And pity the pianist who has to learn a vast repertoire of music, performing entirely from memory.

Keep reading at Interlude!

Playing Less Hurt

Making music at any level is a powerful gift. While musicians have endless resources for learning the basics of their instruments and the theory of music, few books have explored the other subtleties and complexities that musicians face in their quest to play with ease and skill. The demands of solitary practice, hectic rehearsal schedules, challenging repertoire, performance pressures, awkward postures, and other physical strains have left a trail of injured, hearing-impaired, and frustrated musicians who have had few resources to guide them.

Playing Less Hurt addresses this need with specific tools to avoid and alleviate injury. Impressively researched, the book is invaluable not only to musicians, but also to the coaches and medical professionals who work with them. Everyone from dentists to orthopedists, audiologists to neurologists, massage therapists and trainers will benefit from Janet Horvath’s coherent account of the physiology and psyche of a practicing musician. Writing with knowledge, sympathetic insight, humor, and aplomb, Horvath has created an essential resource for all musicians who want to play better and feel better.

David Popper: Cellist and Composer

Janet Horvath_019#2 4x5Guest Blogger: Janet Horvath is the author of Playing Less Hurt. Here is an excerpt of her article on David Popper at Interlude.

David Popper

Composer and cellist David Popper is well known among cellists. His High School of Cello Playing is our Bible—40 Études comprising every acrobatic feat of cello pyrotechnics.

Popper was born among the narrow streets of the Jewish ghetto of Prague, Czechoslovakia June 16, 1843. David was five years old when in 1848 the Hapsburg emperor granted civil equality to the Jews and their isolation in the ghetto ended. The gloomy, unhealthy homes of the ghetto made a lasting impression on Popper despite the fact that most of his music is cheery and uplifting. The family was able to move out of the area when Popper was eight years old. By then employment restrictions had been lifted and some trades were permitted, as was being a musician.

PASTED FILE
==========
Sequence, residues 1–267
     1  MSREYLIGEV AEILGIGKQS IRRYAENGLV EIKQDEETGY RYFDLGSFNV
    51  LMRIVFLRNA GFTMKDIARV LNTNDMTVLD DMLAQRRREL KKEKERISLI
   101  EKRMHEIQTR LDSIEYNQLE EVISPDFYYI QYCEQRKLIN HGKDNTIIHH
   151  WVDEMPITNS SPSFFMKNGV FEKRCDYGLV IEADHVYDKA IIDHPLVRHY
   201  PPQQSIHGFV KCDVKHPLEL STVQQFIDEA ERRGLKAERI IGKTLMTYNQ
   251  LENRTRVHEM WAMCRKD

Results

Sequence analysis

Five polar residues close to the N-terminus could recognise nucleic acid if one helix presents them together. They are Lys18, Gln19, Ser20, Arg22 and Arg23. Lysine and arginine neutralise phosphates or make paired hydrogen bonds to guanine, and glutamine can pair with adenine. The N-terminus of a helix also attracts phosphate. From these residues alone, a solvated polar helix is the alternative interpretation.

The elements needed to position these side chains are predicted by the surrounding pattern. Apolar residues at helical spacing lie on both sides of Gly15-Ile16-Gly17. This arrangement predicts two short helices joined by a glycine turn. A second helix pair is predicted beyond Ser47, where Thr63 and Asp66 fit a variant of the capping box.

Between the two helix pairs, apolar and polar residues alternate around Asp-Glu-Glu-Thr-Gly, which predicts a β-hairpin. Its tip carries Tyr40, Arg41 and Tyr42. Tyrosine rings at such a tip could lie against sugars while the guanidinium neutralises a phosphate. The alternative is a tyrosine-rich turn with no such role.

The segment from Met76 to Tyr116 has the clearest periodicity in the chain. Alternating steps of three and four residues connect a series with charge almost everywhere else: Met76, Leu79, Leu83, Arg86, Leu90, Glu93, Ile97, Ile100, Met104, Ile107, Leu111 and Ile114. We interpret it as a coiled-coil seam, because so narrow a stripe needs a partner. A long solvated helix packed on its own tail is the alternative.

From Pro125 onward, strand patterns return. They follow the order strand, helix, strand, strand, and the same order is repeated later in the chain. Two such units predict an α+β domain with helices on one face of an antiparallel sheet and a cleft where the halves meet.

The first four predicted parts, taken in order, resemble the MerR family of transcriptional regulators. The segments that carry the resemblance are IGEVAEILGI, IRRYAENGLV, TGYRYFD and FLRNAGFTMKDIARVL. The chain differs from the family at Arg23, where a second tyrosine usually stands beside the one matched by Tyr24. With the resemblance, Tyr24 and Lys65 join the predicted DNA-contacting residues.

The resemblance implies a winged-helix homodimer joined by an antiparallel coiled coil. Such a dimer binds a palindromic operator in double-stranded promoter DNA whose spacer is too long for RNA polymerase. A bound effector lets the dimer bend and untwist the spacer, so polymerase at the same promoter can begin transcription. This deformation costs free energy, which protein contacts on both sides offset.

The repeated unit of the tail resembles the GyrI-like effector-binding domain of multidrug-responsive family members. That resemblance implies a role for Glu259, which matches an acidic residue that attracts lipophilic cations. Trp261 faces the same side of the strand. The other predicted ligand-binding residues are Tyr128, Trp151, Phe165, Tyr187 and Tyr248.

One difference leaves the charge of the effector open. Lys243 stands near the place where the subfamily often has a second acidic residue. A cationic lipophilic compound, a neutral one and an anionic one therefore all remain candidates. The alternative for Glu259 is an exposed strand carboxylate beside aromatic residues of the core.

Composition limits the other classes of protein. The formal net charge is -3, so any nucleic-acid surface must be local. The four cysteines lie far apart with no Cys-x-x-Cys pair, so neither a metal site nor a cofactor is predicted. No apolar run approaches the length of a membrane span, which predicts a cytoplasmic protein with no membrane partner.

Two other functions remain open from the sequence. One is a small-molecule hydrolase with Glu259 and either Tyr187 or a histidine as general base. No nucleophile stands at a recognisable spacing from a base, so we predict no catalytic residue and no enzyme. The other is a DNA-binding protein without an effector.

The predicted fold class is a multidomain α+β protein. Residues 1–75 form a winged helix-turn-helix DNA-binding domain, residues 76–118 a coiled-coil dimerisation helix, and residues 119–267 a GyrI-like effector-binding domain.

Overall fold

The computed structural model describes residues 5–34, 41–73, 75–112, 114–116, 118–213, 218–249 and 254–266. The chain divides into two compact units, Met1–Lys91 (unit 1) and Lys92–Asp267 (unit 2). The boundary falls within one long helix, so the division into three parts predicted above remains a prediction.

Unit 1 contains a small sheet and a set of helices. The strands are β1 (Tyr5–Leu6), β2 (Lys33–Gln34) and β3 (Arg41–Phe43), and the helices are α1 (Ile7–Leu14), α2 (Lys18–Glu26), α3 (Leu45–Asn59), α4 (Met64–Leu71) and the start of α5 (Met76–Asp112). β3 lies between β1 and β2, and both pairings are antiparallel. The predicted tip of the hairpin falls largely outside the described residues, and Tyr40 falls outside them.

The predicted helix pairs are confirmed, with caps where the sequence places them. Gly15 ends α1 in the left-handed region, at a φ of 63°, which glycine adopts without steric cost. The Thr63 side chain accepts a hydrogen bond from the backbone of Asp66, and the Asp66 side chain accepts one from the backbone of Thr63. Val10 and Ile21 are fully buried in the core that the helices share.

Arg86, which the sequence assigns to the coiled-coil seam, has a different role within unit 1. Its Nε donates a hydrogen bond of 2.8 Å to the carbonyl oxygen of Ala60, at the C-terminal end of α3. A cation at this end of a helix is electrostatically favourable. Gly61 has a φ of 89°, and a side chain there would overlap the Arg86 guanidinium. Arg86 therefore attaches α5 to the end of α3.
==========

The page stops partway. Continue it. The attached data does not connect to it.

Popper’s father was a Cantor—the religious leader who sings the prayers in the Synagogue. At a very young age Popper began to imitate his father’s singing. Popper’s talent was such that he was allowed to study with the famed cello pedagogue Julius Goltermann, (a name cellists are familiar with due to his cello compositions.)

In December of 1862 Popper was bestowed the coveted title of “Kammervirtuoso” by Prince Constantine Hohenzollern-Hechingen. In appreciation, Popper composed a series of pieces that are among his most cherished works Arlequin and Papillon from the Six Character Pieces. Conductor Hans von Bülow, heard Popper perform and was so impressed with the young man that he helped arrange a concert tour for Popper, his first, in 1863. As a solo cellist Popper had the opportunity to try his own compositions as well as to perform the major works for cello and orchestra. He was always dedicated to the music of his time, premiering several new cello concertos.

Find out more about David Popper on Janet Horvath’s blog!

Playing Less Hurt

Making music at any level is a powerful gift. While musicians have endless resources for learning the basics of their instruments and the theory of music, few books have explored the other subtleties and complexities that musicians face in their quest to play with ease and skill. The demands of solitary practice, hectic rehearsal schedules, challenging repertoire, performance pressures, awkward postures, and other physical strains have left a trail of injured, hearing-impaired, and frustrated musicians who have had few resources to guide them.

Playing Less Hurt addresses this need with specific tools to avoid and alleviate injury. Impressively researched, the book is invaluable not only to musicians, but also to the coaches and medical professionals who work with them. Everyone from dentists to orthopedists, audiologists to neurologists, massage therapists and trainers will benefit from Janet Horvath’s coherent account of the physiology and psyche of a practicing musician. Writing with knowledge, sympathetic insight, humor, and aplomb, Horvath has created an essential resource for all musicians who want to play better and feel better.